Review by Darren Gaskell
Jarvis Dolan (Eddie Marsan) is the host of late night/early morning radio show The Grim Reality, in which he gives his outspoken views on the hot topics of the day as well as crossing swords with the listening public. With the show’s ratings declining the head of the station brings in Andrew Wilde (Paul Anderson), Jarvis’ co-host from many years ago, in an attempt to revitalise the programme.
However, before Wilde has even taken up his place at the mic, two masked men invade the almost-deserted station and kidnap Dolan’s assistants on the mixing desk, threatening to harm them if Dolan doesn’t go on the air and do exactly what they tell him to. As the minutes pass, Dolan is forced to confront the ramifications of a horrible event from the past while trying to keep those around him alive.
Feedback sets its stall out quickly, establishing Dolan as a smart, charismatic, no-nonsense type who relies on stirring up the feelings of his listeners even though he may fervently disagree with their views and, yes, their politics. The B-word (sorry, going to have to mention it just once – Brexit) is given an airing in the opening few minutes but you can all let out a sigh of relief because the film isn’t concerned with the pros and cons of that particular situation, it’s just setting the scene as to the powder keg of opinions Dolan is more than willing to ignite.
Equally, it wastes little time in getting the peripheral characters out of the location and letting the menace in so the story can get down to the business of the confrontation between Dolan, Wilde and their captors. From then on, the tension rarely lets up as the story ventures into some extremely dark territory and our allegiances with those involved shifts back and forth as what went on all those years ago is slowly revealed. Even then, whose account can we trust?
This is a confident feature debut from director Pedro C. Alonso (who’s also on co-writer duties along with Alberto Marini) which benefits enormously from a cracking, complex central performance from Eddie Marsan who, let’s face it, very rarely disappoints. His Dolan is not your common or garden shouty shock jock. He’s level-headed, whip-smart, informed and in control. You know there’s always something going on under the surface as Dolan looks to make his next play, knowing that a wrong move may be his last.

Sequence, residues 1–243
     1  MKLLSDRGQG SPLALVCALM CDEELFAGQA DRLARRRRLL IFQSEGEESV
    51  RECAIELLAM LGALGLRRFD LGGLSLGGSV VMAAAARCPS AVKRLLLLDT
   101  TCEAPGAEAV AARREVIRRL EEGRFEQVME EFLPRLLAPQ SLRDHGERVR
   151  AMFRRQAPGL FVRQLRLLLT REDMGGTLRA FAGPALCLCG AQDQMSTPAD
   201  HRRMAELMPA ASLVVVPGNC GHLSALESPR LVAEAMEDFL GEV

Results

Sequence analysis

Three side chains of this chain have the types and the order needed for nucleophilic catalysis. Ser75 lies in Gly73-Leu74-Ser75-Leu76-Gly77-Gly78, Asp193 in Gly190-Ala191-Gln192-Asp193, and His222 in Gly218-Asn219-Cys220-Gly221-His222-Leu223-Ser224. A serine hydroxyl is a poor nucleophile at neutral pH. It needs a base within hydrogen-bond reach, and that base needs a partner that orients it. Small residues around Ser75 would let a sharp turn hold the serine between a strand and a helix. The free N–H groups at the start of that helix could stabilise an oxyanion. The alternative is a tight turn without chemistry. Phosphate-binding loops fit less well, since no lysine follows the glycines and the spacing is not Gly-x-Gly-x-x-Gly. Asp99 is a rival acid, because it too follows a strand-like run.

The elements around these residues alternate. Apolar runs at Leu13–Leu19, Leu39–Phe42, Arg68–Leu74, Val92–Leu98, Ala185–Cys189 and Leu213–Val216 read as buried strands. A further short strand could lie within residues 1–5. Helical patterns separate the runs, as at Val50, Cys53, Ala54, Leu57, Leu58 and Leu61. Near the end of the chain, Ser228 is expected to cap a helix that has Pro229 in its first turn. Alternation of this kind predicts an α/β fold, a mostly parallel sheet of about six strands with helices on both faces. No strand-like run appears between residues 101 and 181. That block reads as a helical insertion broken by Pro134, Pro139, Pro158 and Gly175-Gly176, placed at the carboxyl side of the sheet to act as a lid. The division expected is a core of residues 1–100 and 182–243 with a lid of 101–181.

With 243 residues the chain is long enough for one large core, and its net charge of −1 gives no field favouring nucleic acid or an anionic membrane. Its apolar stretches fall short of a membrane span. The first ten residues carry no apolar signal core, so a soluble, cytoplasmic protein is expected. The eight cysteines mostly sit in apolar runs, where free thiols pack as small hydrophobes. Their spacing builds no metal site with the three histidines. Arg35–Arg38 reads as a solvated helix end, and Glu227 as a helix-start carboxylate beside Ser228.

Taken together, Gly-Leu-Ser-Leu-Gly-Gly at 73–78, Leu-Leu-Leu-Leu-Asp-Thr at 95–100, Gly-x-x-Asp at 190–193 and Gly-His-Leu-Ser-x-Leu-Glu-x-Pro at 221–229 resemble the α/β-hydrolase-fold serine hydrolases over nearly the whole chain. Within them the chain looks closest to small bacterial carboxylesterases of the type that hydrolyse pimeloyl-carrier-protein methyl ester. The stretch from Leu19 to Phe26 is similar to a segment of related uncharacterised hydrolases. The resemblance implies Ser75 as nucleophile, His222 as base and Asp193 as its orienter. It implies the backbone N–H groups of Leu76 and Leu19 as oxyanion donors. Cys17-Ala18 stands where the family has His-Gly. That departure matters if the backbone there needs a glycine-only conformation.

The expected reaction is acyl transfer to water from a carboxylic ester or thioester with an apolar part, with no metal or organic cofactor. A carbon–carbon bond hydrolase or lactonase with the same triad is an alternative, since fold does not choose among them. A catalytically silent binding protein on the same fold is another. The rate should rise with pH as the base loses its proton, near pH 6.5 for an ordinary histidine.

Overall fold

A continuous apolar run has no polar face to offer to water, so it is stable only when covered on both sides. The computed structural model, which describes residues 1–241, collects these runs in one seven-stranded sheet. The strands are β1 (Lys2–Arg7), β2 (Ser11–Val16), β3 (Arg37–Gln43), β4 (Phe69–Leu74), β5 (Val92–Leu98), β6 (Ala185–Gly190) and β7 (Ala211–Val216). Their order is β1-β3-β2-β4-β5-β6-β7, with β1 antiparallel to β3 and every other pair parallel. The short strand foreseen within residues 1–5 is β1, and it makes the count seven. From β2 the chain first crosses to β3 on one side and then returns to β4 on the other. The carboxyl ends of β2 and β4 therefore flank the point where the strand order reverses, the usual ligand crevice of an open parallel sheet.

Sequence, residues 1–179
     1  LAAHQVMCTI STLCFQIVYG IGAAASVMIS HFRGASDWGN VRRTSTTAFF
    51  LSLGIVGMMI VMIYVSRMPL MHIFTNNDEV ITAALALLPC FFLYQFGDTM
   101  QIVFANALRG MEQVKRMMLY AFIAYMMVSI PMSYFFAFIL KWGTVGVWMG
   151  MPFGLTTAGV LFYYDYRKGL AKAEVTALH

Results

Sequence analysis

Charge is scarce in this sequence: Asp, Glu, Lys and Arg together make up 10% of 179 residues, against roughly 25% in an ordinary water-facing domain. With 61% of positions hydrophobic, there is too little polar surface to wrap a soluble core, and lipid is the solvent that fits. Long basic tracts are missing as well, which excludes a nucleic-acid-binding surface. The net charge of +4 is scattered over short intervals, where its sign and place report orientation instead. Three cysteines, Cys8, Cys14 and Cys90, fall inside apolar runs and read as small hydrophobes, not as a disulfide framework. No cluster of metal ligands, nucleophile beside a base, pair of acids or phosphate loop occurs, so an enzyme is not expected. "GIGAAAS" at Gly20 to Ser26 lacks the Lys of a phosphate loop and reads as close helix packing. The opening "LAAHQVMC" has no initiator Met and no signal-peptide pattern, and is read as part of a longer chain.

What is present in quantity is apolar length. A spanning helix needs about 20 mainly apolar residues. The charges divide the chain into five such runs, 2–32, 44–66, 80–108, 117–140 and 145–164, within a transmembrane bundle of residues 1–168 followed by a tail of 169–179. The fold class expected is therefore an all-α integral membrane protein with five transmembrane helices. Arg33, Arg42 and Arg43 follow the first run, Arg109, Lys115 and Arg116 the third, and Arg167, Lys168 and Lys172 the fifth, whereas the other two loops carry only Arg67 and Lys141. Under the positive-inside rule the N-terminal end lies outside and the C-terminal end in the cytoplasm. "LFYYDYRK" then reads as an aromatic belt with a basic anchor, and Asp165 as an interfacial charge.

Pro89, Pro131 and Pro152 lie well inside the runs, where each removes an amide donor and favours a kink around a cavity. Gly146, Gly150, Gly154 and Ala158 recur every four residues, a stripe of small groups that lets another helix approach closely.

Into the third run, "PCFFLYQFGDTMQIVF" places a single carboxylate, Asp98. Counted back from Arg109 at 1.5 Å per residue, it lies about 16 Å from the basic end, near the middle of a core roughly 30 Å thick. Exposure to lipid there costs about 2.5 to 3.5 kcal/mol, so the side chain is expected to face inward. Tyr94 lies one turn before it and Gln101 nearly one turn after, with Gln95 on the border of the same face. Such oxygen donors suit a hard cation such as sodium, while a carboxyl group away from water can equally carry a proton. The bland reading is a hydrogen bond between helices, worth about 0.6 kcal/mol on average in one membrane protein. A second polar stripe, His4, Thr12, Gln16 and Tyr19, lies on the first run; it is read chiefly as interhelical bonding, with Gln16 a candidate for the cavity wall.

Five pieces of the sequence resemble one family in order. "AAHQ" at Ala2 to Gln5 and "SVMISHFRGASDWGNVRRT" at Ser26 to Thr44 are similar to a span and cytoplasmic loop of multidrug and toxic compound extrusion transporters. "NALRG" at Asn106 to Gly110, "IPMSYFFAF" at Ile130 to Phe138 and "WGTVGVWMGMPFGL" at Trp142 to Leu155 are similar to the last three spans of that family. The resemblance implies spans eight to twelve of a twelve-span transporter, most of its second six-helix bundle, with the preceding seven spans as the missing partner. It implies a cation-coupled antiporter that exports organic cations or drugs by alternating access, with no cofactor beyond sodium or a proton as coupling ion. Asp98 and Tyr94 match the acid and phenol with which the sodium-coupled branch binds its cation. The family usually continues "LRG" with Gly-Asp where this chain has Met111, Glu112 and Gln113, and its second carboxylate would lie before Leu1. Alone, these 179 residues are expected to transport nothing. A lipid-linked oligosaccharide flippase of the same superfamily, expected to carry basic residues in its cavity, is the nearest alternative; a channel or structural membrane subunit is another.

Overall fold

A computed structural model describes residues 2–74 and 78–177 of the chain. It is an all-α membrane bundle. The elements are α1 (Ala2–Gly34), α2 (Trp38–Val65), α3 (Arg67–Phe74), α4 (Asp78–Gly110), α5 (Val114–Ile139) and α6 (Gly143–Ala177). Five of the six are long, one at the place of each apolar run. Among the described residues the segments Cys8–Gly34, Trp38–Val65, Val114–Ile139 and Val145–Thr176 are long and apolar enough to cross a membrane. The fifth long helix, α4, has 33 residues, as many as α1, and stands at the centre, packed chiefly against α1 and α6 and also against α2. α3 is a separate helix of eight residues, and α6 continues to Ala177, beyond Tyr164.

Anderson provides sharp contrast as Wilde, whose big personality and temperamental, sweary, banter-filled view of life in general gives a glimpse into what an uneasy but successful pairing he and Dolan must have been previously. In this dangerous situation, is it Wilde’s bluster that’s going to aggravate matters and, if so, can Dolan somehow make sure no harm comes to either of them?
There’s also fine support from the rest of the cast, including the excellent Richard Brake as a character whose presence becomes pivotal to how the second half of the movie develops. Feedback brings most of the expected tropes of the intruder movie but plays these out extremely well and cleverly plays with our feelings about exactly whose side we should be on. The final reveal isn’t totally unexpected but it’s delivered with chilling aplomb and even throws in a twisted race against time.
For the UK, Feedback has been rated 18 and this is not altogether surprising, given that the tension is punctuated with savage, breath-taking bursts of violence which are sparsely but skilfully deployed. There’s one particular moment involving some scissors which is absolutely horrible to see played out for more than one reason and although hardened horror hounds will probably be attuned to this kind of thing I’ll still warn the more casual fan that it’s not for the squeamish.
Feedback is unlikely to be the most original horror film you’ve ever seen but when something like this is done this well, who cares? Its first-rate work from Marsan would be enough to recommend it but there’s tension to spare, unflinchingly gory violence and a thoroughly unsettling ending. Tune in to it.
Rating: 4 / 5